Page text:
Monetizing a website really means looking beyond the website, understanding the advertiser's entire digital universe and then creating a strategy that effectively monetizes visitors.
New York, NY (PRWEB) July 09, 2012
Digital Media Training introduces 5 ways to monetize a website. Websites run best when they are run just like a regular business. The goal of most Internet businesses is to use content to drive monetize-able traffic to their website and their related digital properties. Successful websites generally follow one of five monetization strategies, which are: Ad supported, Ecommerce, Lead Generation, Subscription and Business to Business.
A website IS a business. Websites run best when they are run just like a regular business. They run best when they efficiently drive qualified traffic to the intended website. Qualified traffic is traffic that consistently converts into leads and, eventually, into loyal, long-term customers.
Find ways to make those leads turn into a profit. The cost of running any business, inclusive of creating and delivering the products and services, and paying for the marketing and sales initiatives that drive all that traffic, has to be less than the revenue generated by sales.
Nowadays, more and more consumer sites are using a combination of the first four; others still do focus on only one of those strategies, though.
Now, Business to Business sites often cannot process full conversions in the way Business to Consumer sites do. Meaning: the CEO of a target company in the Fortune 500 doesn't pull out a company credit card and place an order, online, for a fifteen-million-dollar consulting contract.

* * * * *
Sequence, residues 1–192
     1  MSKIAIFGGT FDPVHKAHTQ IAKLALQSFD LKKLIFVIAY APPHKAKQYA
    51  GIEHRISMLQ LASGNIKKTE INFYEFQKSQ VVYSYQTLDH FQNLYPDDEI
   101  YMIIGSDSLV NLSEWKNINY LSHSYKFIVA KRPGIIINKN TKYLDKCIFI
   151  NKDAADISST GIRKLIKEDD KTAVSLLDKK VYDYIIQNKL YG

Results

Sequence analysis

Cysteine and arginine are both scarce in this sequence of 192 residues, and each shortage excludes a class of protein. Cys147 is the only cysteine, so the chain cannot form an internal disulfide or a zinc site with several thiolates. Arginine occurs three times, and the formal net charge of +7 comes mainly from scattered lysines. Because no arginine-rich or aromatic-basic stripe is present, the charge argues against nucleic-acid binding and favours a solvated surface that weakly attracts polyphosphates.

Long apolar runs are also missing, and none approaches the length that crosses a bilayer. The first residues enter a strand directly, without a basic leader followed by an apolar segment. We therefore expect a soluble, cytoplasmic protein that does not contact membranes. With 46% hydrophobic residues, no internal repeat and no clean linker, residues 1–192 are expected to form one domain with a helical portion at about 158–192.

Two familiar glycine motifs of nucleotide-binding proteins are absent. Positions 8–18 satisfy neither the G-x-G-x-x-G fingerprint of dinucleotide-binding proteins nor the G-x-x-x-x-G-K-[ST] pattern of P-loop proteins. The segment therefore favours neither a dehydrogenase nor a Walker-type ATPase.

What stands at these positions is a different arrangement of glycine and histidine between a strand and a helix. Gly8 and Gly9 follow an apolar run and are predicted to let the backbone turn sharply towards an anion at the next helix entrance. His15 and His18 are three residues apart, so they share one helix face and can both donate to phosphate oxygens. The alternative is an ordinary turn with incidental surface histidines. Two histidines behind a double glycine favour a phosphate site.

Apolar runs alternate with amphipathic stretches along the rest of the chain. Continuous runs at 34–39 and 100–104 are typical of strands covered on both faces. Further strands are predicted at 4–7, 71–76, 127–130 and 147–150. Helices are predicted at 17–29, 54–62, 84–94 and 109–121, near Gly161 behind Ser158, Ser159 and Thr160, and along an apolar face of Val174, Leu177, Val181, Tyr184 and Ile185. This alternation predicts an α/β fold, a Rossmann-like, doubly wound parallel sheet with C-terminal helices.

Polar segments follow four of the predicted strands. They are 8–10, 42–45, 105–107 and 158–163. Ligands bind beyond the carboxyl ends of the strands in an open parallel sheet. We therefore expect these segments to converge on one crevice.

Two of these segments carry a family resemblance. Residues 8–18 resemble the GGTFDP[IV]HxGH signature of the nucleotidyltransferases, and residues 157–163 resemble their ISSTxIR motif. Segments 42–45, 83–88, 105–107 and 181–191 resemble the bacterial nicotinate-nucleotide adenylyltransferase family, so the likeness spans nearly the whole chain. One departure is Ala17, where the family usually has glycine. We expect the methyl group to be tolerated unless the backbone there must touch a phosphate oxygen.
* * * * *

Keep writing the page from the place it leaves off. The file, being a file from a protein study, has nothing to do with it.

So therefore, Business to Business sites typically go after pieces of conversions called fractional or proportional conversions. For example, a consulting firm should expect to attract new major corporate clients with an Internet ordering system. Face-to-face meetings are needed to close those sales, but the Internet can help that company market the qualified leads, or help shape the opinions of potential future clients.
So most business to business marketers create a fractional conversion strategy that involves a series of engagement points aimed at encouraging potential business customers to keep returning to the site, or to one of the properties in the digital constellation, such as Facebook pages, Twitter feeds, micro-sites, and so on.
And let's be honest. This can get complicated. Not only thinking about initial sales, but also about the lifetime value of each customer. Businesses must be thinking about factors such as cost of goods sold, inventory and campaign management costs, as well as revenue goals. While taking all of these factors into consideration, there must also be a marketing campaign and budget in place in order to drive traffic and awareness to the website.
The great difficulty of connecting all of these factors in an effective way is the reason some agencies demand -- and deserve -- big campaign management fees for coordinating everything. Even those fees, however, must be baked into the marketing cost when computing the true ROI.
Any way it’s looked at it, it's a major investment of time, energy, and resources. Stop at some point and ask: what is the real goal here?
The point is to get people to engage at each and every one of these points in the constellation, and to do that in a way that fulfills the strategic marketing goal. So monetizing a website really means looking beyond the website. A winning campaign involves understanding that advertiser's entire digital universe, and then creating a strategy that effectively monetizes visitors, using one or a combination of the five strategies: Ad supported, Ecommerce, Lead Generation, Subscription and Business to Business.